For more than forty years, W.A.T.C.H., or World Against Toys Causing Harm, has been publishing a list of most dangerous toys for children yearly. In November, they revealed their 2017 Top 10 List at a Boston children’s hospital. The Massachusetts-based, non-profit organization was founded by a concerned trial lawyer who became an advocate for children’s safety. Warnings from the group cover not only children’s toys, but also children’s furniture, clothing, and playground equipment.
The W.A.T.C.H. list for 2017 includes toys from several different makers intended for all ages. A Hallmark rattling ring stacker has bows and other decorations that can detach and pose a choking hazard. This toy was recalled for that reason by the Consumer Product Safety Commission, but apparently was still available for purchase online. W.A.T.C.H. is particularly concerned about the lack of regulation of internet purchases. Without the opportunity to physically inspect a toy before purchasing, consumers are at a disadvantage, unless they have a recall notice and other safety information at hand.
Fidget spinners, the latest craze among school children, also pose a choking hazard if moving parts come undone. “Pull Along Pony,” from Tolo Toys, was cited because the string is 19 inches long, despite the industry safety standard to be less than 12 inches to prevent strangulation. Girls who want to play superhero are not recommended to use the Wonder Woman Battle-Action Sword from Mattel, which W.A.T.C.H. states is not flexible enough to avoid causing facial and other impact injuries. Parents should look for toys with non-rigid plastic parts.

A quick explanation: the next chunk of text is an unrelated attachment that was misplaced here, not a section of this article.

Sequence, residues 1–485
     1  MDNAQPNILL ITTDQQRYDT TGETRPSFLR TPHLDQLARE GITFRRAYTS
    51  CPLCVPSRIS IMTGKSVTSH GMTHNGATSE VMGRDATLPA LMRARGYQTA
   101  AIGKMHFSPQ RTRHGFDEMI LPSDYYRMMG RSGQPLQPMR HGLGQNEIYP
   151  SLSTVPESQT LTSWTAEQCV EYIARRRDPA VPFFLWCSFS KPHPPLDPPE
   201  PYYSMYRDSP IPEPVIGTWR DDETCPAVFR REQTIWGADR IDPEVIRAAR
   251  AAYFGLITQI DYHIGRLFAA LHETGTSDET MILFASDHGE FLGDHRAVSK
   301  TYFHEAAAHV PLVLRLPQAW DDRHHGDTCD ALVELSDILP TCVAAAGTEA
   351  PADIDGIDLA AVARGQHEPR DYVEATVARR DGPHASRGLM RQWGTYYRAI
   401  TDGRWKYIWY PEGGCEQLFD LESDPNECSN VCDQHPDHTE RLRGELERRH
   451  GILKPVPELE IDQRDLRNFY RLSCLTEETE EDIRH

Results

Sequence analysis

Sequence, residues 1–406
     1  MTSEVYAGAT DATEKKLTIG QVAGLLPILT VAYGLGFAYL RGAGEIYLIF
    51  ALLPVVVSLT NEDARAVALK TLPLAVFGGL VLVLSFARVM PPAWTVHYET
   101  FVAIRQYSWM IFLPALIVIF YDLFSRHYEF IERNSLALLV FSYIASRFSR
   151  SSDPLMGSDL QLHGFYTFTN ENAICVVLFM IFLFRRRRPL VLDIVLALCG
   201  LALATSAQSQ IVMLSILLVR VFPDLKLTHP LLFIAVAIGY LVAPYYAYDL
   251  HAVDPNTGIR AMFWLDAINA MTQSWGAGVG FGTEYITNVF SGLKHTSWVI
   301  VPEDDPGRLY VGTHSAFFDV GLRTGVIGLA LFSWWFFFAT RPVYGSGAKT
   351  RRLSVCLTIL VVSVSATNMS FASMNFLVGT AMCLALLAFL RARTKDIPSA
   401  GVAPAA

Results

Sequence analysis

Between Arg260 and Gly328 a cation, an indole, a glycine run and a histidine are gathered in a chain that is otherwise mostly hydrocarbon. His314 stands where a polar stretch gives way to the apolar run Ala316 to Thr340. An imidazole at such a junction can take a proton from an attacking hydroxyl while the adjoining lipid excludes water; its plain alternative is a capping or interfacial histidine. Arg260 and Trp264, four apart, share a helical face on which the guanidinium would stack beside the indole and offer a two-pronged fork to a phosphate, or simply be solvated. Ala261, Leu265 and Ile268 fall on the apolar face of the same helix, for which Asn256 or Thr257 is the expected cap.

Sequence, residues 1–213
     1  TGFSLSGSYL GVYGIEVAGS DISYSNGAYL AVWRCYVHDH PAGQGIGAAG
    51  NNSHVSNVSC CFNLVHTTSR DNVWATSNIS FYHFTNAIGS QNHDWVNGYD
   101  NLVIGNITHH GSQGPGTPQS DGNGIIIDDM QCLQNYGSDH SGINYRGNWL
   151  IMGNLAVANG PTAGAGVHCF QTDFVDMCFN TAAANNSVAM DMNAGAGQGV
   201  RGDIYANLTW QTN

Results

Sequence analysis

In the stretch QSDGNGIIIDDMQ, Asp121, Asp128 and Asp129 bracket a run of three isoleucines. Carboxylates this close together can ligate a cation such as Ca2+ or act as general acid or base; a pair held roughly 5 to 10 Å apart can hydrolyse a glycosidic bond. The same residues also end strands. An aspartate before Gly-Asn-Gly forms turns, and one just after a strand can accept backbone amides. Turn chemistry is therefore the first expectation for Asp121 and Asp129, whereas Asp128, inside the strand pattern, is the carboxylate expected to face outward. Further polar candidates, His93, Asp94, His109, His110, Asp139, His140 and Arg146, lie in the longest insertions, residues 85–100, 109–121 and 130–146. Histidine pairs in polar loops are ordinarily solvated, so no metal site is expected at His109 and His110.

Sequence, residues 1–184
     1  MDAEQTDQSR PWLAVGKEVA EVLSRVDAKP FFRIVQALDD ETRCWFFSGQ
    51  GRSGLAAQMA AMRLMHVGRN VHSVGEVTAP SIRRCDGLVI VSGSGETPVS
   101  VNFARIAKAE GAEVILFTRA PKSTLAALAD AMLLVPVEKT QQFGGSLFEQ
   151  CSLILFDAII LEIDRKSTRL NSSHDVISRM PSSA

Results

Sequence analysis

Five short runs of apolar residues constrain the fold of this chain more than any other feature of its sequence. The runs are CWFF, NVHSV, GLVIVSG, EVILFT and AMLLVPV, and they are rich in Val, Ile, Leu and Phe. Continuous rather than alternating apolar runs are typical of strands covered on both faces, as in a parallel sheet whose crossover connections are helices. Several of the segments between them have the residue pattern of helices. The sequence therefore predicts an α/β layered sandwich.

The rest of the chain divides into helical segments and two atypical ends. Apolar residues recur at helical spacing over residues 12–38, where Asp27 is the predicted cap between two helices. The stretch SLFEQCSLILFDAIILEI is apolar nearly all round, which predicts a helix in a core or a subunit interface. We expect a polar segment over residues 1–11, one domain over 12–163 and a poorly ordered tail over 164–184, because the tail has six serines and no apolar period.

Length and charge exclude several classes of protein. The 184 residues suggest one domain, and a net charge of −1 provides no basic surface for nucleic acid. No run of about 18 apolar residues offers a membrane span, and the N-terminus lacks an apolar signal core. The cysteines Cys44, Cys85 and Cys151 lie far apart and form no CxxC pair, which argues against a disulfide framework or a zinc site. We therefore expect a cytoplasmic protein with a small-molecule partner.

Drones continue to be popular gifts, but the official movie edition Spider-drone, from Marvel, is a threat to children because of the multiple high-speed rotor blades. Many children already own Nerf guns for play battles, but the new Nerf “Zombie Strike” Deadbolt Crossbow has enough pressure when firing arrows to cause facial injuries.
Dolls have also made the most dangerous toy list. Melissa and Doug’s “Brianna Babydoll” has ponytail holders that are removable, and therefore, are a potential choking hazard for toddlers. For older children, Razor’s “Heel Wheels,” transforming regular shoes into rear wheel skates, are a fire hazard because they are manufactured with sparking action skid pads that can throw sparks onto clothing and hair.
Other toys cited by W.A.T.C.H. consisted of a “Slackline” tightrope, made to set up between trees for outdoor play, that warns of a strangulation hazard, and a xylophone that provided no warning for the stick to be a choking hazard. W.A.T.C.H. points to the numerous annual recalls of defective toys and says many web sales are not monitored for recalls. Toys are sold online from consumer to consumer through sites like eBay and Craig’s List. Parents need to be more vigilant about the toys they choose as gifts for their children. W.A.T.C.H. stresses that awareness of dangerous toys can truly save lives.
Manufacturers have a responsibility to produce products that are safe for consumers to use. If you or someone you love was injured by a defective toy or product, you may be eligible for compensation for your injuries. Trenton personal injury lawyers at Davis & Brusca, LLC will review your case for free. Call 609-786-2540 or contact us online to schedule an appointment. From our offices in Princeton and Trenton, we represent clients throughout New Jersey.